1 “The stadium will destroy Hanes Park.”
    The proposed stadium site is not in the park, but on WS/FCS property. The running track, tennis courts, playground, soccer fields and baseball fields will not be altered in any way with the addition of the stadium. The proposed site is adjacent to the park and every effort is being make to make sure the stadium will be an positive addition to the area keeping the history of the schools and the park in mind.

    2 “The stadium will cost taxpayers money”
    The stadium will be built entirely with private funds. The long-term maintenance of the facility will be the responsibility of the WS/FCS but most will be covered by funds currently allocated to the multiple facilities R.J. Reynolds High School is required to use as a result of not having a home field.

    3 “The stadium will be controlled by a private group once it’s built.”
    Once built, the stadium will be the property of the WS/FC Schools and use of the stadium for anything other than school activities will be at the discretion of the WS/FCS School Board as it is with other school property.

    4 “The stadium takes away from education.”
    The funds raised to build the stadium will be from private donors and not from public money earmarked for educational programs, teacher salaries, books, etc. In addition, no private funds will be diverted from education to the stadium.

    5 “The stadium lights will be too bright.”
    Currently the Hanes Park tennis court lights in the center of the park, are on all week, year round until approximately 10:00 pm. The lights at the stadium will be used on average approximately once a week and will utilize the latest lighting technology which creates less glare and are more energy efficient than older lights.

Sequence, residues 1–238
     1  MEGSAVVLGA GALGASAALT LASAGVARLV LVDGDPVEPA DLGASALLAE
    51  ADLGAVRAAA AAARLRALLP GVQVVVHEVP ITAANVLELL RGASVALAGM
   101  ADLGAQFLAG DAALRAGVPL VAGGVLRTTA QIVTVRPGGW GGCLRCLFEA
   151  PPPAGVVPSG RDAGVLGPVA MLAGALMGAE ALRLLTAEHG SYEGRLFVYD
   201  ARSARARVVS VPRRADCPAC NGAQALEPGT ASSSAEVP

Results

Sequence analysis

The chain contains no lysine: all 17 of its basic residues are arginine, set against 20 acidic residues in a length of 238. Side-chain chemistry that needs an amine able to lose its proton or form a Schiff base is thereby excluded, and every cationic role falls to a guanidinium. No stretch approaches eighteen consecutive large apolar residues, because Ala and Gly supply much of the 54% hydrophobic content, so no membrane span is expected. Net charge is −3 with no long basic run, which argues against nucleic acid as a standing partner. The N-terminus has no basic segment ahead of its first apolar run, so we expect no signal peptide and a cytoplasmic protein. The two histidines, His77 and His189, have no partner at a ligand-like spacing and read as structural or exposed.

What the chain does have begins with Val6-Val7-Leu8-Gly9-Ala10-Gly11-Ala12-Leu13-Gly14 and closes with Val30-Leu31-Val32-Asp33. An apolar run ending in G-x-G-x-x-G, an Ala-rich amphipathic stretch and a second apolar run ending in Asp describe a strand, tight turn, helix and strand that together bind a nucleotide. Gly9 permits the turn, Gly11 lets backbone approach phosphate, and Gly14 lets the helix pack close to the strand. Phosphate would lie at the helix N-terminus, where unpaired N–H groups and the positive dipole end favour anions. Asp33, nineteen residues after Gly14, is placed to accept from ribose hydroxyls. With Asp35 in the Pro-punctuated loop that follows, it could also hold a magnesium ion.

6 “The stadium doesn’t offer adequate parking.”
    A preliminary parking study shows that there is parking available for 1100 – 2200 cars within 1/3 of a mile radius. Car to person ratio is well within the current city requirements. Parking can be accommodated on site and in nearby shared parking lots and not require parking on streets in area neighborhoods.

    7 “The stadium will use up valuable public green space.”
    The site of the proposed stadium is currently occupied by a school bus parking lot, old school trailers, and sloping land that is degrading from water run off. This land is not currently utilized by Wiley Middle School or R.J. Reynolds High School students. Since the property for the proposed stadium is on land owned by the school system, it is not considered public land or park land, therefore Hanes Park green space is not being used.

  2. I enjoy being kept up to date on the events of the Home Stadium movement. As a student at RJR a home stadium would be a great addition to our school, almost necessary even. A huge part of the high school experience is the home advantage, something we as RJR students don’t have.

  3. This is a good article. The stadium is a good idea and should be allowed. Who cares about a little traffic. This new stadium will do so much for the Reynolds community.